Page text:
In the past couple of weeks the Nobel Prize has been in the news a lot. First because the Nobel Prize for Chemistry was won by someone from the Netherlands. Then because the Nobel Prize in literature was awarded to Bob Dylan. But what about the prize for Economic Sciences?
For the sceptics, I know the prize for Economic Sciences is officially not a Nobel Prize. However, being awarded and winning is still a great honour. So who won the Sveriges Riksbank Prize in Economics Sciences in Memory of Alfred Nobel? This year the prize was awarded to not just one, but two people. The lucky ones were Oliver Hart and Bengt Holmström “for their contributions to contract theory”. They created insights that “are valuable to the understanding of real-life contracts and institutions, as well as potential pitfalls in contract design”.
Oliver Hart (British) is the Andrew E. Furer Professor of Economics at Harvard University. He started teaching in 1993 and only two years later published the book ‘Firms, Contracts and Financial Structure’. Besides that he has published a lot of articles and he has used his knowledge in legal cases.
Bengt Holmström (Finnish) is the Paul A. Samuelson Professor of Economics and Management at Massachusetts Institute of Technology, better known as MIT. He has also worked at Northwestern University and Yale and has published quite a lot of articles.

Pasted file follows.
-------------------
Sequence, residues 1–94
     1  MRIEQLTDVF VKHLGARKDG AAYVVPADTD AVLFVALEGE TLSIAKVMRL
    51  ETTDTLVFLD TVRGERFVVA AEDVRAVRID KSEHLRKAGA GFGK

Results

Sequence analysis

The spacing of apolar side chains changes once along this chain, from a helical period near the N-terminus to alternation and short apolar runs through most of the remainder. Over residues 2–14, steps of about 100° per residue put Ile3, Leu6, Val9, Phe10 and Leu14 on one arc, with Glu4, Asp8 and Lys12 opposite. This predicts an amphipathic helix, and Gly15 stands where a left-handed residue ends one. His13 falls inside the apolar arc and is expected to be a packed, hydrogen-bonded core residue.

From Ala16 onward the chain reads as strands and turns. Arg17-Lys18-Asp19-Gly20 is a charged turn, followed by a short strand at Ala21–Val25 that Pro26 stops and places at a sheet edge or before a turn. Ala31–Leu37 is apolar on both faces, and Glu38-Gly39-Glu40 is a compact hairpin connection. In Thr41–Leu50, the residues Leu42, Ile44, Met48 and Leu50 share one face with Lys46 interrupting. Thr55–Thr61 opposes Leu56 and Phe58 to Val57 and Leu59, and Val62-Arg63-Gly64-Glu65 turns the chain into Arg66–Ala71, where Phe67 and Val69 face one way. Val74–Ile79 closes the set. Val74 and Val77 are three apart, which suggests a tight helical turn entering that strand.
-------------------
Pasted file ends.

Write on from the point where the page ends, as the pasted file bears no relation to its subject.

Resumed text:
So what is contract theory about? Think about your own life. Can you imagine a life where there are no contracts? In this age that certainly proves difficult. You have to sign a contract when renting a room, getting a job or internship, getting married. Those are just a few of the many times a contract will be given to you. There is probably nobody who understands contracts better than Sheldon from the Big Bang Theory, but Oliver Hart and Bengt Holmström have dedicated years of research to this topic. Even though there are few papers that carry the name of both men, there are some similar topics when it comes to their work. For example, both have focused on the necessity of trade-offs when setting the terms of a contract. Also, both have looked into the role that power plays when planning co-operative ventures. So if you ever need to draw up a contract, these are the guys you need to listen to.
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